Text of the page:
There it was, flickering on my Apple Cinema monitor: I was that 1 boomer in 3 with NO real retirement plan. I was totally busted. My head spun, and in the next few minutes, I went through all five stages of the Kübler-Ross grief model.
Retirement as our parents experienced it is being retired... As tens of millions of us now ponder whether and how we might work as well as play in retirement -- for the money and/or the stimulation -- it can be helpful to follow the lead of the trailblazers who are already shaping this new retirement workscape.
Can you imagine telling Bruce Springsteen that since he's 64, it's time to stop playing music? Or forcing 65-year-old fashion powerhouse Anna Wintour to retire? Should Warren Buffet leave investing to younger folks, since, after all, he is 83?
You may have read the headlines and heard the stories: Retirement is being retired. For more than thirty years, I've been analyzing the data and trends, and I've long predicted that working in retirement would one day become the norm. Now it has. We have reached the tipping point where the majority of people now plan to work in retirement, and this later phase of life will never be the same.
Psychological scientists are very interested in the dynamics of future planning, in part because people are so bad at it. There is circumstantial evidence that people who are financially irresponsible also take poor care of themselves. Is it possible that a single underlying trait is shaping behaviors that promote both health and wealth?
According to this article from Dave Ramsey's website, "the majority of American workers, 69 percent, have less than $50,000 saved for retirement -- 36 percent have less than $1,000."
There was a time when I took pride in the fact that my house was one of the busiest (and noisiest) on the street. I had four children of my own, took care of five others during the after school hours, and maintained a revolving door for all the neighborhood kids to come over whenever they chose. My house was always LOUD. Music blasting, televisions blaring, giggling, squealing, and raucous games of basketball in the driveway --this was the norm.
If you love dogs, you'll be thinking about where you retire with an additional filter. Is the city or town friendly to Fido? Are there active 50+ communities that are especially tailored to pets?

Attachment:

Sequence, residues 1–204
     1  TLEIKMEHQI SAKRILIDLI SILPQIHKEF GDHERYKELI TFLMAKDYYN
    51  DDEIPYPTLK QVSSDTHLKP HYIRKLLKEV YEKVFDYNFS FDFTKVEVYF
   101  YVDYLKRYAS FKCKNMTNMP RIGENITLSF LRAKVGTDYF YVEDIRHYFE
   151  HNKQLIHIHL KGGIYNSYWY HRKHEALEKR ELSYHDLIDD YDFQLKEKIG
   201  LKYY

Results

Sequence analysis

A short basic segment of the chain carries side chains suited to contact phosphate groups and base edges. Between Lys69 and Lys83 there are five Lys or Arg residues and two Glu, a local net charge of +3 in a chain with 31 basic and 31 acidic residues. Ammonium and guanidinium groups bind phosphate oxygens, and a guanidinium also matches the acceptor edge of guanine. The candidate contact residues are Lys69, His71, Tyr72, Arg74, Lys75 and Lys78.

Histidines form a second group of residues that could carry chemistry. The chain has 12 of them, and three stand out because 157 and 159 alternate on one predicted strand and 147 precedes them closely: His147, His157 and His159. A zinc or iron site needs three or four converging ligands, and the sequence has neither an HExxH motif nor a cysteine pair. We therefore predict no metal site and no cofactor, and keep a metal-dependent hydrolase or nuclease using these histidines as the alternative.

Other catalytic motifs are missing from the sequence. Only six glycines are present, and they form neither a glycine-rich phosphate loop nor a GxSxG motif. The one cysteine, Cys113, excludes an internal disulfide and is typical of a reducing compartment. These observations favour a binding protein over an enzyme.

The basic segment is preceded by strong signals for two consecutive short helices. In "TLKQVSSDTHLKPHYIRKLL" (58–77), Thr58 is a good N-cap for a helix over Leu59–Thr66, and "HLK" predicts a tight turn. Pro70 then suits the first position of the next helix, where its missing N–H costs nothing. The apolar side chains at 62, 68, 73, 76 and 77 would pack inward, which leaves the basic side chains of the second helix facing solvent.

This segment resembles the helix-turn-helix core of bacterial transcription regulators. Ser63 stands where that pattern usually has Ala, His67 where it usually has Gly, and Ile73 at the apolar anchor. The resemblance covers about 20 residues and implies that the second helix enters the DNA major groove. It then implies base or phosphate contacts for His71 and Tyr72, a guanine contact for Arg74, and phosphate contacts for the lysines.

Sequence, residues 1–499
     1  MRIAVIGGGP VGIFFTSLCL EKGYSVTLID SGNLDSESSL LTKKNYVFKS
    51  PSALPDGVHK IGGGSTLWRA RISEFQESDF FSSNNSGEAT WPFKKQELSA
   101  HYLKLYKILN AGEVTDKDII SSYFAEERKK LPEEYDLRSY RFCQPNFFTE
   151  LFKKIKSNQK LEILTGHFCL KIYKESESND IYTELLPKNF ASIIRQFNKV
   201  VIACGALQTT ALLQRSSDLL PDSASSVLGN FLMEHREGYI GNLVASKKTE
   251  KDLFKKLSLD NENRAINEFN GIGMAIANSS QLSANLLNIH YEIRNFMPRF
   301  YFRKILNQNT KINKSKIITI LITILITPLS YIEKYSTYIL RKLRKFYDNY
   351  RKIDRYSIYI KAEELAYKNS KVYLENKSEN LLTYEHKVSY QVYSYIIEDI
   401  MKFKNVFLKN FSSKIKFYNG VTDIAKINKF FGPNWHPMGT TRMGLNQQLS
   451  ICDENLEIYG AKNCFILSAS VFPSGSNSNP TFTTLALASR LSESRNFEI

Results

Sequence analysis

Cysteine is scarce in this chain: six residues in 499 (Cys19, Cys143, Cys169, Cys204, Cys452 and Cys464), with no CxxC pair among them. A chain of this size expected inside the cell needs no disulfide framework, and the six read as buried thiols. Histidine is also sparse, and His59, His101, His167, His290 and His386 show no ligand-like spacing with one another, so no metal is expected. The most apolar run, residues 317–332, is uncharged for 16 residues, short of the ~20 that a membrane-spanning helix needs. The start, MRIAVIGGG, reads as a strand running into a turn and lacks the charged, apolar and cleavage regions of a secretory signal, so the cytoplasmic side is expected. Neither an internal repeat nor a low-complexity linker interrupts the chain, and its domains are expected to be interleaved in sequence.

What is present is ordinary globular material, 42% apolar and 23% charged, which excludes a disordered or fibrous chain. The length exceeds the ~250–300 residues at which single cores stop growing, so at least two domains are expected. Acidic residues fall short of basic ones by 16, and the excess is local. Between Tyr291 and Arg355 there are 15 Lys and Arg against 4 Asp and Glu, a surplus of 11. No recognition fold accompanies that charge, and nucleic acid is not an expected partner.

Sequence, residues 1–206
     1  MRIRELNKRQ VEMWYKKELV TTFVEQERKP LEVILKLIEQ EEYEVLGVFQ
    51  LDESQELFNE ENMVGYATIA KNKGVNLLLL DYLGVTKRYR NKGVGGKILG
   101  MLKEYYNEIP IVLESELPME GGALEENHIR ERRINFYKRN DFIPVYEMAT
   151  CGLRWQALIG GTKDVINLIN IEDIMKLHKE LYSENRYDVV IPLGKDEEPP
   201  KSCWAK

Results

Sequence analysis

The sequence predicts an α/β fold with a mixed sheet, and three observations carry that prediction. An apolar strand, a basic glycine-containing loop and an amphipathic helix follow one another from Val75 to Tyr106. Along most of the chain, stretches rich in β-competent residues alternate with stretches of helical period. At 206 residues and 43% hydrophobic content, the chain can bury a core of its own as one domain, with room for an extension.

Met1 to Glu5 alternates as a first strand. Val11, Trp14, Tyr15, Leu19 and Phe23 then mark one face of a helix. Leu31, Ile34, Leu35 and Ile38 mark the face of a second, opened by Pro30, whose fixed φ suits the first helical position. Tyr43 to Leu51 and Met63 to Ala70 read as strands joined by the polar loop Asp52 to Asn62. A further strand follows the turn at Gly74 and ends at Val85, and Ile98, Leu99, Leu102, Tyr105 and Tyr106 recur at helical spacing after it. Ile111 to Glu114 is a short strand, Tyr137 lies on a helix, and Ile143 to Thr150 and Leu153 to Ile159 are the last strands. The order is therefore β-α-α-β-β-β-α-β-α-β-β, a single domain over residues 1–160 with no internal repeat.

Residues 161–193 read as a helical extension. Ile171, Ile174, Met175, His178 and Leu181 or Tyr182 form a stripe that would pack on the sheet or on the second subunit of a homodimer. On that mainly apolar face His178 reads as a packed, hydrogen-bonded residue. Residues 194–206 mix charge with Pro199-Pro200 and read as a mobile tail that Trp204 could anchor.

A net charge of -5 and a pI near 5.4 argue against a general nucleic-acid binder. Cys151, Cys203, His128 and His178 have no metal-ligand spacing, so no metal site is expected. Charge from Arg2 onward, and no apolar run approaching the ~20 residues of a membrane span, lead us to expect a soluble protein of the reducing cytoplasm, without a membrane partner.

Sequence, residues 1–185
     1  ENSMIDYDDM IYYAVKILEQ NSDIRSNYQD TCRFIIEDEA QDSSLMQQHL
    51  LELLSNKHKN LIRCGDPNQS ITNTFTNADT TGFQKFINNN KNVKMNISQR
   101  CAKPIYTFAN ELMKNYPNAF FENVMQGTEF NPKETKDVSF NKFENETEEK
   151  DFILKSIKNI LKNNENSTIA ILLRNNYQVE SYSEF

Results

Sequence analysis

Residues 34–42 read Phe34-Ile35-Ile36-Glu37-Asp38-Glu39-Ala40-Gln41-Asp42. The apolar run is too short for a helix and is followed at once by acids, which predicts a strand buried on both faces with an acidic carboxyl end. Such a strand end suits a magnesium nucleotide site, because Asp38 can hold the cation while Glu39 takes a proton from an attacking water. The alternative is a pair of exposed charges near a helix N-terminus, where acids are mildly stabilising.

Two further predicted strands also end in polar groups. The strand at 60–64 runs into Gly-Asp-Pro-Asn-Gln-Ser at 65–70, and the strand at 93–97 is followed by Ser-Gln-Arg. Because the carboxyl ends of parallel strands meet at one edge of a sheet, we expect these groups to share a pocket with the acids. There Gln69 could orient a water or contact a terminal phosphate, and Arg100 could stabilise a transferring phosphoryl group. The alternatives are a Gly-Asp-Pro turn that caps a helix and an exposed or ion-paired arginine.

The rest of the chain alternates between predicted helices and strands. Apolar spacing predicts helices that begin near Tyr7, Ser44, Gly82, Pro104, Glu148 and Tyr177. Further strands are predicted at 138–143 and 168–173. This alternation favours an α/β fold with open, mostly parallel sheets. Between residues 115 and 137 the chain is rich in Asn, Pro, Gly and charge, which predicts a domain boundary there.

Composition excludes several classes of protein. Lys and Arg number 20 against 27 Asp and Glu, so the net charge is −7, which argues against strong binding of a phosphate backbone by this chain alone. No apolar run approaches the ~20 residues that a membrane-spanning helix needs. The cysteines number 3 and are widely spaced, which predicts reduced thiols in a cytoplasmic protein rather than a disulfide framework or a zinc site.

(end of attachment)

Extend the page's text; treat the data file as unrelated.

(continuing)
So if retirees do not monetize the roofs over their heads, what can the typical working households in the 55 - 64 age group retire on beyond Social Security?
It is time to start planning for the future and the future of your taxes is in about 240 days. That is when the IRS is expected to start processing 2014 tax returns (assuming no late tax legislation changes or other IRS delays) and you will be able to file your taxes and receive your refund.
t is important to not be overwhelmed by the steps, but to embrace the goal. Once these steps are taken, it sets the groundwork of planning that opens the door to the important work of investment selection and asset deployment
So what does binging have to do with retirement planning? Most would say not much, but for many of us binging may be an answer to the age-old problem of seizing control of your financial destiny.
I will accept that "grace" sounds like a lovely word. After all, who wouldn't want to be charming and refined? The problem is that it is both inaccurate and restrictive. It is inaccurate because older women want so much more from life, as the rest of this article will show. It is restrictive, because, like the "good girl" syndrome, it tells us how we should behave to be accepted by society. It implies that older women should slow down and gently fade into the sunset.
Lesson #1: now is the time to start saving for your retirement. I know it may seem a lifetime away, but the earlier you start, the easier the path to a comfortable retirement can be.
New grads have a lot going on as they start new jobs, figure out a real-world budget, get their first apartment and open a 401(k) to save for retirement. When it comes to finances, here are three fundamental good habits for new grads.
Chiriquí is Panama's farmland. Its broad pastures are dotted with dairy cows, and you'll find beef cattle ranches and horse stables. Rocky rivers and winding streams crisscross a landscape overlooked by Barú Volcano and the Continental Divide. I guess it reminds me of the countryside of New Jersey and New York State, where I grew up, except for the palm trees! So how did I end up here?